After someone has met an American in person, it might be a little easier for him or her to put a ridiculous video they saw on YouTube in context?
They’ll have a better understanding of who we are and they’ll be less likely to think our whole country is blaspheming their prophet. Christians have a little more of a sense of humor with these things but I believe we have to respect people’s sensitivities and cut them a little slack. It’s much, much deeper than them being angry about a video though. They don’t want their culture to be hijacked by aggressive Western values.
A woman in Iran came up to me and said, ‘We’re united, we’re strong and we just don’t want our little girls to be raised like Brittney Spears.”
This woman is scared to death that we’ll take over their country – to protect Israel or get access to their oil or whatever – and then we’d impose on them our values. If we all traveled, they’d have more understanding of us and we’d have more understanding of them.
Was there any backlash for visiting Iran, a country that many Americans still regard as an enemy?
I thought I would get more but of all the edgy projects I’ve done it’s been one of the most positively received. We worked hard to do it without an agenda. There’s a small element in our country that says, ‘when you humanize them, you make our enemy more likeable, therefore you are evil.’ But I can’t consider the objections of people like that.
Do you think that you’ve have contributed to informing Americans that Iranians don’t hate America?
I feel it’s been one of the most productive things I’ve done. I’m just one person though and we’re just one small production company. I feel like we were ahead of the curve – our timing was right. The State Department gave me the Citizen Diplomat of the Year Award after that and I got a Lutheran Activist of the Year Award too. The show aired in every market in the U.S. many times, so for me that was very exciting.
If I produced a show on Iran and only people who are progressive and want to understand Iranians and appreciate their culture watched it, I wouldn’t have accomplished much. I wanted to produce a show that people who were predisposed to be angry with Iran and not want to better understand the people who put Ahmadinejad in power would watch so they would understand that it’s a more complicated reality than what they’d learned watching the Hostage Crisis on Nightline with Ted Koppel.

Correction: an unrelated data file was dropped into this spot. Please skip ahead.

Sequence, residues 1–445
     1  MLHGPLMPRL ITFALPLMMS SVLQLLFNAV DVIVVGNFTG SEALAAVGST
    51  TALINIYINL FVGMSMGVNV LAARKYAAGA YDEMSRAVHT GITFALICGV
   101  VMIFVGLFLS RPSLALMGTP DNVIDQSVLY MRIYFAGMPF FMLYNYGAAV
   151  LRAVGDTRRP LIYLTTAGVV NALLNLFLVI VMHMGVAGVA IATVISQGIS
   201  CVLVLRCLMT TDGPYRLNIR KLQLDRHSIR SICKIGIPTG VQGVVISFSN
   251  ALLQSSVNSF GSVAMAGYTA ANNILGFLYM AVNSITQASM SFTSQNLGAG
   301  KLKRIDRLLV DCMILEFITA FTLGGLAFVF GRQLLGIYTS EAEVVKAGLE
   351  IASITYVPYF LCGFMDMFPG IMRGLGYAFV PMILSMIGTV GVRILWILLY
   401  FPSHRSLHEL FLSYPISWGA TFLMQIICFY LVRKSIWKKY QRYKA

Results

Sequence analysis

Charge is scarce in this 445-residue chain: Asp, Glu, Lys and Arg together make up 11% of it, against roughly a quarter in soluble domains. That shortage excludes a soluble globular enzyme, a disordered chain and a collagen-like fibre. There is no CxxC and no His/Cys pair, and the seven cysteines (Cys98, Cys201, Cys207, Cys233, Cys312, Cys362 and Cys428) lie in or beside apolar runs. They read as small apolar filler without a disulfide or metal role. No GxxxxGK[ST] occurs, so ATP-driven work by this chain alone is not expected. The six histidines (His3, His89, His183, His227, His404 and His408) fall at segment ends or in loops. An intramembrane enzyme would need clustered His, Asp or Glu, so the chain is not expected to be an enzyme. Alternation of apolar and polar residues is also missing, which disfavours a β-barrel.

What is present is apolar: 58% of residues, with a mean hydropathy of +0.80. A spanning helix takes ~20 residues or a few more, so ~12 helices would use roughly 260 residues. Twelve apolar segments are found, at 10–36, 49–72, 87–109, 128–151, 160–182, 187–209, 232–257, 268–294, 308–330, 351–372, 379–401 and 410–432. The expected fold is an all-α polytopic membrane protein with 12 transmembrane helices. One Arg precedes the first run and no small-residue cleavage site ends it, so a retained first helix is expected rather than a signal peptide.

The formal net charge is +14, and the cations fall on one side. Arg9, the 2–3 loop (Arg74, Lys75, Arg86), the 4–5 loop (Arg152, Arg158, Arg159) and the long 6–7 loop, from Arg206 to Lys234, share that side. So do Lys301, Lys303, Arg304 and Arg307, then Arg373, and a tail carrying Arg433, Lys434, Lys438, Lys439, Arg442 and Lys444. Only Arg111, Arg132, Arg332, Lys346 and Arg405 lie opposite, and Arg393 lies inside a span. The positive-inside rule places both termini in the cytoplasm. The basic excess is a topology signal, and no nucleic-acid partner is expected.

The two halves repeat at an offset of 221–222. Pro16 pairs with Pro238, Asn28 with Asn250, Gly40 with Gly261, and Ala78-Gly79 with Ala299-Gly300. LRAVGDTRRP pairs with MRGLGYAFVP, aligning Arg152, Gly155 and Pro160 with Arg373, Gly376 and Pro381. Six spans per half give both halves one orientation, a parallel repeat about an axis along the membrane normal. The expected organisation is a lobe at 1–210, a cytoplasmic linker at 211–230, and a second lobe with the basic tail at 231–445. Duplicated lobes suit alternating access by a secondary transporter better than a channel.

Three years later, though, there’s still a lot of sabre rattling and talk of bombing Iran. But once you’ve traveled to a country and made friends with people there, it’s a lot harder to talk about dropping bombs on them isn’t it?
Of course it is. A lot of Americans are angry at Libya for killing our Ambassador. Well, Libya didn’t kill our Ambassador – a bunch of loose cannons did. A traveler has a more sophisticated understanding of these things. It saddens me to see angry and destructive rhetoric coming out of Iran, and there are times when I consider that and think, ‘well, why did I help those people?’ But I know that Iranian people are in a difficult situation and they’re generally good people and there are complicated forces at work there that might make less sophisticated Americans think of them as our enemy.
I just thought that if more people would travel there, that would be really constructive. Unfortunately, not many Americans will travel there, but I can give them the vicarious travel experience.
Can you recommend Iran to Americans?
It’s like traveling in the Soviet Union during the Cold War. They want tourism – it brings in money. They think it helps people understand them better, but they don’t want people running around unescorted, so in order to get a visa you have to have a guide and your hotels arranged.
Given that, it’s wide open for tourism and it’s not that dicey. A lot of Europeans really enjoy going there; it’s a wonderful destination, as far as the culture, the food and the people go.
What’s the best payoff about visiting Iran?
If you’ve been to Iran, then every time you see it on TV, you know what’s not in the frame of the camera. It’s very easy from the news broadcaster’s point of view to zoom in on the intense stuff. If it bleeds, it leads, and if they’re shaking their fists at us on TV, it seems like the whole country is shaking their fists at us.
You’ve written in the past about trying to understand the grievances of terrorists and other evildoers. Some regard that as treason, right?
If your big motivation is national security and your approach is ‘shoot first, ask questions later, it’s my way or the highway,’ and unilateralism and exceptionalism and all that stuff, (not understanding the enemy) is the worst thing you could do for national security.
I really think it’s a pragmatic thing to try to understand what motivates people. That’s not justifying or excusing what they did, that’s just trying to make sure it doesn’t happen again. There are a billion Muslims in the world and a billion Christians. One thousand angry Muslims have breeched our consulates. OK, let’s figure that out, but it doesn’t mean we have to lose hope and all go crazy.
What other countries that we don’t have diplomatic relations with would you like to visit? Perhaps North Korea?